Shae-Lynn Way

Shae-Lynn Way - It’s All About Perspectives

Kingston ON

I had no idea what was to come tomorrow or the next day but to get there I had to deal with today, right now and what I had to tackle to get through the day.


I’ve always thought there was a fine line between having a positive outlook on a situation and being too naïve. I think this outlook developed as soon as I heard the doctors’ words, “I’m so sorry Shae, but it looks like your Leukemia has returned”. You can imagine the variety of feelings I had after that phone call. I felt hopeless, heartbroken and honestly a little naïve. Since having a full Allogenic Stem Cell Transplant (SCT) the year before with prior chemotherapy regimens I thought I was in the clear. I thought my nightmare was over. But instead, we were right back where we started and more battles were to come.

I had been so positive I had beat cancer. I remember thinking to myself the year prior, “All you have to do is get through this transplant and it’s over, you’re done, you’re free”. And for the most part that was true. After my first SCT in August 2020, I had continued my degree and started recovering believing I was in remission and I had survived that nightmare. I spent the summer with friends and family by the lake, soaked up the sun, and even began a new job in August that year. It wasn’t just me either, my entire support system could finally breathe a sigh of relief after juggling a year of my cancer diagnosis as well as the unknowns of the Covid-19 virus. It had drained us all and everyone was just glad that “The young girl from Tamworth” had made it through.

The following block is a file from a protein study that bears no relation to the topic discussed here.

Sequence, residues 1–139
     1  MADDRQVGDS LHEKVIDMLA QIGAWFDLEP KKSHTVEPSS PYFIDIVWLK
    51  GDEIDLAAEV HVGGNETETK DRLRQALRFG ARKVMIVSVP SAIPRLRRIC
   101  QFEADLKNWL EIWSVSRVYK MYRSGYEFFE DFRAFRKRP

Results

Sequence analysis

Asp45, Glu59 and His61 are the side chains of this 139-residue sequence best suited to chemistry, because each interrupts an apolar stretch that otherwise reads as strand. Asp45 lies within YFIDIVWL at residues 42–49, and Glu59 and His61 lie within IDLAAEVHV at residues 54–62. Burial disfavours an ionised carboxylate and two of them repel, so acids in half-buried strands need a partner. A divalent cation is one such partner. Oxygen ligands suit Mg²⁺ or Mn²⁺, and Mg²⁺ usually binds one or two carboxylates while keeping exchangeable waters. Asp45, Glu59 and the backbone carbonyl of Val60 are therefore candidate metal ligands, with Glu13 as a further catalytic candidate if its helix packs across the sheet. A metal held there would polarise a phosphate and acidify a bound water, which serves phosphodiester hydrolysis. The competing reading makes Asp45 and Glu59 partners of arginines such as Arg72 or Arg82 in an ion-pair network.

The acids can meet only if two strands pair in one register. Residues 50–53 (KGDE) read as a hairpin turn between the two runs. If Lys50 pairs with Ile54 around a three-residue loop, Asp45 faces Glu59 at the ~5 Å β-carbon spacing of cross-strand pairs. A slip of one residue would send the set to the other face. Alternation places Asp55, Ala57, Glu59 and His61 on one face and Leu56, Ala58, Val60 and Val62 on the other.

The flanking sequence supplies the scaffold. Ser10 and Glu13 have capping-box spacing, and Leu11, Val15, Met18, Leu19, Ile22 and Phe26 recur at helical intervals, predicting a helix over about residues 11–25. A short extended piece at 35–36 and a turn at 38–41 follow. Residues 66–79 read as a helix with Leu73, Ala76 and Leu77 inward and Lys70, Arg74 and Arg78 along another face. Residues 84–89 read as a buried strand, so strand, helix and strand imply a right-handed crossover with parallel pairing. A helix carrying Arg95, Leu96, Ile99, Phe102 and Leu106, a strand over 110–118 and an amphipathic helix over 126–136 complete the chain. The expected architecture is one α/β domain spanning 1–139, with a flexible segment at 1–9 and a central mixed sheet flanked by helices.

The pain I felt hearing those words from my doctor on the phone was unbearable. I could see the irritation and torment in my family’s eyes as our worst nightmare was giving us a “round 2”.